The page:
Finance & economics
Global housing markets
The three pillars
Why, despite the coronavirus pandemic, house prices continue to rise.
During the global recession a decade ago, real house prices fell by an average of 10%, wiping trillions of dollars off the world's largest asset class. Though the housing market has not been the trigger of economic woes this time, investors and homeowners still braced for the worst as it became clear that covid-19 would push the world economy into its deepest downturn since the Depression of the 1930s.
That pessimism now looks misplaced. House prices picked up in most middle and-high-income countries in the second quarter. In the rich world they rose at an annual rate of 5%. Share prices of developers and property-traders fell by a quarter in the early phase of the pandemic, but have recovered much of the fall.
Some markets are fizzing. In August house prices in Germany were 11% higher than the year before; rapid growth in South Korea and parts of China has prompted the authorities to tighten restrictions on buyers. In America growth in the median price per square foot accelerated more quickly in the second quarter of 2020 than in any three-month period in the lead-up to the financial crisis of 2007-09. Three factors explain this strength: monetary policy, fiscal policy and buyers' changing preferences.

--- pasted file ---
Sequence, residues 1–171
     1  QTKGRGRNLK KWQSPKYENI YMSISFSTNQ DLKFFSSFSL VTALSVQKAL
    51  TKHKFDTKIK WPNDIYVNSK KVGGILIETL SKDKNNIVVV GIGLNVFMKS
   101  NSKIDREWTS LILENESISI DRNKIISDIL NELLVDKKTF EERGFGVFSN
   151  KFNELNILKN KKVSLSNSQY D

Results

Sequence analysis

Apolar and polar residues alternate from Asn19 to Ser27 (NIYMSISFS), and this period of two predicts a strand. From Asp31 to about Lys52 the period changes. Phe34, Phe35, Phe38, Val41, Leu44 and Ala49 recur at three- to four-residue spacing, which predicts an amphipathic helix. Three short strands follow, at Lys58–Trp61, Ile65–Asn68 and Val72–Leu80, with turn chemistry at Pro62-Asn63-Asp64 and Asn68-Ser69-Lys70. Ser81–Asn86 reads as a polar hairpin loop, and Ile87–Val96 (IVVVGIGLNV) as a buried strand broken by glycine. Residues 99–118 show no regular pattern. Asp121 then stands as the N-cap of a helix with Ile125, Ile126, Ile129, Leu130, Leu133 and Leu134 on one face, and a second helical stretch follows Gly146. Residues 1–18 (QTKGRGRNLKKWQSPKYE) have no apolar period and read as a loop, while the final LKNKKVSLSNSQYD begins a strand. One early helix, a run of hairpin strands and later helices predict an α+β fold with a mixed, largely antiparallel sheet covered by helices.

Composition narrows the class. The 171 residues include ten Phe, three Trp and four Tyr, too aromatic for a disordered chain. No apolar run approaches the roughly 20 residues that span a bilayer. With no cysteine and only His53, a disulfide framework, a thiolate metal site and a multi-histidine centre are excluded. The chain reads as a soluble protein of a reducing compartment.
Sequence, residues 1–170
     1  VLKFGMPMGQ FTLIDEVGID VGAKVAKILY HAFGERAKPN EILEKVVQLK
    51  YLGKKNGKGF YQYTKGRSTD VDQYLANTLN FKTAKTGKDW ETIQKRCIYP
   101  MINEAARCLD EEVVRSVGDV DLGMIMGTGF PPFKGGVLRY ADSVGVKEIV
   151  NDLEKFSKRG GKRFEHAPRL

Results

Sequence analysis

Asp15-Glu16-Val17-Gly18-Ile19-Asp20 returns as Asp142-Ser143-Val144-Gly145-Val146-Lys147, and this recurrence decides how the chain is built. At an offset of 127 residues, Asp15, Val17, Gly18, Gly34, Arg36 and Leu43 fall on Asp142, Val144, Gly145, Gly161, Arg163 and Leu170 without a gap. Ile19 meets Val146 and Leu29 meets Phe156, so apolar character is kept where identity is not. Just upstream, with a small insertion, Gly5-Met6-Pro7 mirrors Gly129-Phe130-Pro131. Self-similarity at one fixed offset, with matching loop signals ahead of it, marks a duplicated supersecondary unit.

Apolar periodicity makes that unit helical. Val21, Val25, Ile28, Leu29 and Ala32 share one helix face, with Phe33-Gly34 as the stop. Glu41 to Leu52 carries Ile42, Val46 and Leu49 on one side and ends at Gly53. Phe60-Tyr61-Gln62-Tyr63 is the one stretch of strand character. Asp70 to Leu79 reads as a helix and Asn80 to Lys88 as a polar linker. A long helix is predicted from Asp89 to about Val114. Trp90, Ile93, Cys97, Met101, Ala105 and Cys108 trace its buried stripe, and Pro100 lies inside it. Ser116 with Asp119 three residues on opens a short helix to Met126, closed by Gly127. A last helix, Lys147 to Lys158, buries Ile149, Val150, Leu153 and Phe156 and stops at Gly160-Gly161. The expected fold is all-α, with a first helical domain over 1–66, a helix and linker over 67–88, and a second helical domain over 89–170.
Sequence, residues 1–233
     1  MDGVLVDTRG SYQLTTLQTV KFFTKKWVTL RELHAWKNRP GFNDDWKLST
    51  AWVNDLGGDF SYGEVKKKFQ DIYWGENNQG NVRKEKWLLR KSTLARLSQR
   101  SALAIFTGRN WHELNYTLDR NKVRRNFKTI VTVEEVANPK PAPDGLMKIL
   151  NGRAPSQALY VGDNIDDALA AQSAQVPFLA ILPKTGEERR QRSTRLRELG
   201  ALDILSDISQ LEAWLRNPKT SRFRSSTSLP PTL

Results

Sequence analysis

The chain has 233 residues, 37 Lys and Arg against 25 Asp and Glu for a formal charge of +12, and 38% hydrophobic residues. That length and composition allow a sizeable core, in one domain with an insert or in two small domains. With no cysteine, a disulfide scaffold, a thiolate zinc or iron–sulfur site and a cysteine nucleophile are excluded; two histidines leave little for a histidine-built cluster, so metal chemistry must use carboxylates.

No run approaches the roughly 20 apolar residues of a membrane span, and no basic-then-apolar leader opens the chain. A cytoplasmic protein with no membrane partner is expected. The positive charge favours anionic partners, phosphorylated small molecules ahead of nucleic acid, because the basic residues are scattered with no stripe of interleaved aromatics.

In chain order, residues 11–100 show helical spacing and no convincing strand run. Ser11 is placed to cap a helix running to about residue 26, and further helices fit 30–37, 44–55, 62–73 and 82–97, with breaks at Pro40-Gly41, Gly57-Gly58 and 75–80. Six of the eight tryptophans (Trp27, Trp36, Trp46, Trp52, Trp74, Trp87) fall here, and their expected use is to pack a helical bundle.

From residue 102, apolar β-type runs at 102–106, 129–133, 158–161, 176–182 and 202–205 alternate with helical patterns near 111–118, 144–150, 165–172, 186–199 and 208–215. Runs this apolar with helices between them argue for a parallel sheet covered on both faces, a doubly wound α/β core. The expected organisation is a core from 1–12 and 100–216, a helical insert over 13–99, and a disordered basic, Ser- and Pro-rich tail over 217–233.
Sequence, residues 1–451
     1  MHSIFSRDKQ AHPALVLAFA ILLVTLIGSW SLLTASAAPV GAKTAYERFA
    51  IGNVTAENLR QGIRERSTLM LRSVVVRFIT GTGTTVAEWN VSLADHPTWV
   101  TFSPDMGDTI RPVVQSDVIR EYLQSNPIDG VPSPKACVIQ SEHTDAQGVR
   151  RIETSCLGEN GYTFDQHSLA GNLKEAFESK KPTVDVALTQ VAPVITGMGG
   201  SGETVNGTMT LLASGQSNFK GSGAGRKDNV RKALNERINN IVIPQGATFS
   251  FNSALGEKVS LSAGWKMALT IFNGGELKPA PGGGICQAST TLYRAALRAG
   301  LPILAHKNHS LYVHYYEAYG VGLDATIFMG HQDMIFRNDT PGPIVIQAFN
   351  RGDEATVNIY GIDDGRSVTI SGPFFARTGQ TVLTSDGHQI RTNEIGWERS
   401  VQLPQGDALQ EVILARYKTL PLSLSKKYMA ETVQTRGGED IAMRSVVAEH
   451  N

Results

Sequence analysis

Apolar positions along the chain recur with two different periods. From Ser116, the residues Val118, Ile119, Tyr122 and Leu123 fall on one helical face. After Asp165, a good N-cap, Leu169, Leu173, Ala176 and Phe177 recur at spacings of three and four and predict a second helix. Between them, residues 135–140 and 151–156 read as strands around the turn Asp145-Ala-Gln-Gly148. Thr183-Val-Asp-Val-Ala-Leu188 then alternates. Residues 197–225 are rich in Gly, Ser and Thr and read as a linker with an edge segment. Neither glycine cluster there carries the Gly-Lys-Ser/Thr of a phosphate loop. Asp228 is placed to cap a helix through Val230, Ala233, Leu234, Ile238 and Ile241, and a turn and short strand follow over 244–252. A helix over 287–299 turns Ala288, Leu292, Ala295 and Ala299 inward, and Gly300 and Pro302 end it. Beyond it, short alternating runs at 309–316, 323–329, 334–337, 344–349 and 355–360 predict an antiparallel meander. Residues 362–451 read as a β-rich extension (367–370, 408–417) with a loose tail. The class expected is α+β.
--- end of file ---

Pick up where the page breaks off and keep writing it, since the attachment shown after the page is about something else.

Consider monetary policy first. Central bankers around the world have cut policy rates by two percentage points on average this year, reducing the cost of mortgage borrowing. Americans can take out a 30-year fixed-rate mortgage at an annual interest rate of just 2.9%, down from 3.7% at the beginning of the year. Studies suggest a strong link between falling real interest rates and higher house prices. Some borrowers can afford to take out bigger mortgages; others find it easier to manage their existing loans. Landlords are willing to pay more for property, because yields on other assets have dropped. In both America and Britain, mortgage lending is running at post-financial-crisis highs.
That is not to say that it has become easier for everyone to borrow. In fact, obtaining a mortgage has become harder for many. Brokers, fearful of the long-term economic impact of covid-19, have pulled back on riskier lending. British banks, for instance, are offering fewer high-loan-to-income mortgages. In America few loan officers at banks said they were tightening lending standards before the pandemic; now 60% do. In contrast with previous periods of strong house-price growth, there is little evidence of lax lending standards.